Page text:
Oncology pioneer Dr. Vincent T. DeVita Jr., the Amy and Joseph Perella Professor of Medicine at Yale Cancer Center, and professor of epidemiology and public health at Yale School of Medicine, was named a fellow of the American Association for Cancer Research (AACR) Academy Class of 2014. DeVita is one of 38 internationally-renowned cancer scientists being inducted during the AACR’s annual meeting in San Diego.
The AACR Academy was created to recognize and honor distinguished scientists whose major scientific contributions led to significant innovation and progress against cancer. Only scientists considered to have “stellar scientific achievements” are considered for the academy, according to the AACR.
“It is a unique honor to join so many distinguished colleagues as an AACR fellow,” said DeVita, who served as the director of Yale Cancer Center from 1993 to 2003, and director of the National Cancer Institute (NCI) from 1980 to 1988. “We have all toiled together these many years at the bench and bedside, and watched the exciting story of the cancer cell unfold before our eyes.”
DeVita’s work has contributed significantly to the scientific understanding of cancer’s immense complexities. While at the NCI, he developed combination chemotherapy programs that ultimately led to an effective regimen of curative chemotherapy for Hodgkin's disease and diffuse large B-cell lymphomas. Along with colleagues at the NCI, he developed the four-drug combination, known by the acronym MOPP, which increased the cure-rate for patients with advanced Hodgkin's disease from zero to over 70%. DeVita and his colleagues played a major role in the development of similar treatments for other lymphomas, and cancers of the ovary and breast.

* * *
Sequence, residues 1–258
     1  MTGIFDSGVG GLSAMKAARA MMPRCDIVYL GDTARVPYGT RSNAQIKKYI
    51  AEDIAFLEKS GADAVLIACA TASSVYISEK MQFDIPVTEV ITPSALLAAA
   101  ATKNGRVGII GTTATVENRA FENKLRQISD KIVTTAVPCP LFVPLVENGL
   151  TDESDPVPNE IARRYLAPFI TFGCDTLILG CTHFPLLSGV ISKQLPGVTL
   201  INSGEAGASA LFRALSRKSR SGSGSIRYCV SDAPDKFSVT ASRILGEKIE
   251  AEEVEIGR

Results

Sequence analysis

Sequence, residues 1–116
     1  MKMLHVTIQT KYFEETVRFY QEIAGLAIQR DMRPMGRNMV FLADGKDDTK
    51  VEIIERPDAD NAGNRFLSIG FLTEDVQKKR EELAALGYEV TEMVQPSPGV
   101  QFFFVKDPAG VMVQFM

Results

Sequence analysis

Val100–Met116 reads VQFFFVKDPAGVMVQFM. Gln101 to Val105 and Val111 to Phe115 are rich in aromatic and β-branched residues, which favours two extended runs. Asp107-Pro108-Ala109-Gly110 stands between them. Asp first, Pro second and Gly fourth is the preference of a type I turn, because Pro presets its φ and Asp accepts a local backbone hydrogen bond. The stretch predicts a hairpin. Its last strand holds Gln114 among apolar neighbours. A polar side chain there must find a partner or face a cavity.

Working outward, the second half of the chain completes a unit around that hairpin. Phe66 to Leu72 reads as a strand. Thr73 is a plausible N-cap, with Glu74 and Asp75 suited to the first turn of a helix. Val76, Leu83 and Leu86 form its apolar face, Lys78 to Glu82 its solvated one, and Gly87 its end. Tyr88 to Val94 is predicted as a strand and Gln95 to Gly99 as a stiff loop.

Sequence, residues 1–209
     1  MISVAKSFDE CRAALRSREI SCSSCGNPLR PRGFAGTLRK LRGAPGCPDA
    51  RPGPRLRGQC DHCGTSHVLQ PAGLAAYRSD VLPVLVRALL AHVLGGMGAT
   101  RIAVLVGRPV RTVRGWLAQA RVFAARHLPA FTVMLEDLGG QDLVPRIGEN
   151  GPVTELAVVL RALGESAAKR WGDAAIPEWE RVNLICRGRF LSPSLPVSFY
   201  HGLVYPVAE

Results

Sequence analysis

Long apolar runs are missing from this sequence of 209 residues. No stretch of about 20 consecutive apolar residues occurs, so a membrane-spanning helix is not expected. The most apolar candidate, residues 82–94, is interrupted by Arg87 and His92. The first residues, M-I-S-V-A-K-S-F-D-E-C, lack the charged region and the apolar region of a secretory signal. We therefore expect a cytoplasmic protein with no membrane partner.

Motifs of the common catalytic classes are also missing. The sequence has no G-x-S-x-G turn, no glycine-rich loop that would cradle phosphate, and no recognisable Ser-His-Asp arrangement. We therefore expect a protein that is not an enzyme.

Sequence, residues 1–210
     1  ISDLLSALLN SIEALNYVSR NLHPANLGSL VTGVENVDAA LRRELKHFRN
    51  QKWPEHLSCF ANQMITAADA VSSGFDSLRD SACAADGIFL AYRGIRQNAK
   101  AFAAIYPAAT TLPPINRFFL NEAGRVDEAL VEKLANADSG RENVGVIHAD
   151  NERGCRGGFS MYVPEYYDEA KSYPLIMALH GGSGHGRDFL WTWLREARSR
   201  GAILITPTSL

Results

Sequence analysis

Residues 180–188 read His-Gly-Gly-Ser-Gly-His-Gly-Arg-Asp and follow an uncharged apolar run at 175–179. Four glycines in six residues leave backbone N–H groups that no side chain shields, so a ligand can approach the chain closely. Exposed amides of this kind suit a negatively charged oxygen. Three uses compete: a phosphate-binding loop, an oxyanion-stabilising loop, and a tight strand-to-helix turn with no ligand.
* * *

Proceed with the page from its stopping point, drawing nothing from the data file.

In 1972, DeVita was awarded the Albert Lasker Clinical Research Award for his outstanding contribution to the concept of combination therapy in the treatment of Hodgkin's disease.
In 1980, President Jimmy Carter appointed DeVita director of the NCI and the National Cancer Program. He was later appointed physician-in-chief, and attending physician, at Memorial Sloan-Kettering Cancer Center, where he also served in the molecular pharmacology program.
DeVita serves on the editorial boards of numerous scientific journals, and is the author or co-author of more than 450 scientific articles. He is one of the three editors of Cancer: Principles and Practice of Oncology. The 10th edition is planned for publication in November. He is also the editor-in-chief of The Cancer Journal.
Other accomplishments include: president, American Cancer Society (2012); fellow, American Society of Clinical Oncology (2012); Distinguished Medical Science Award, Friends of the National Library of Medicine (2009); and elected, European Academy of Sciences (2002).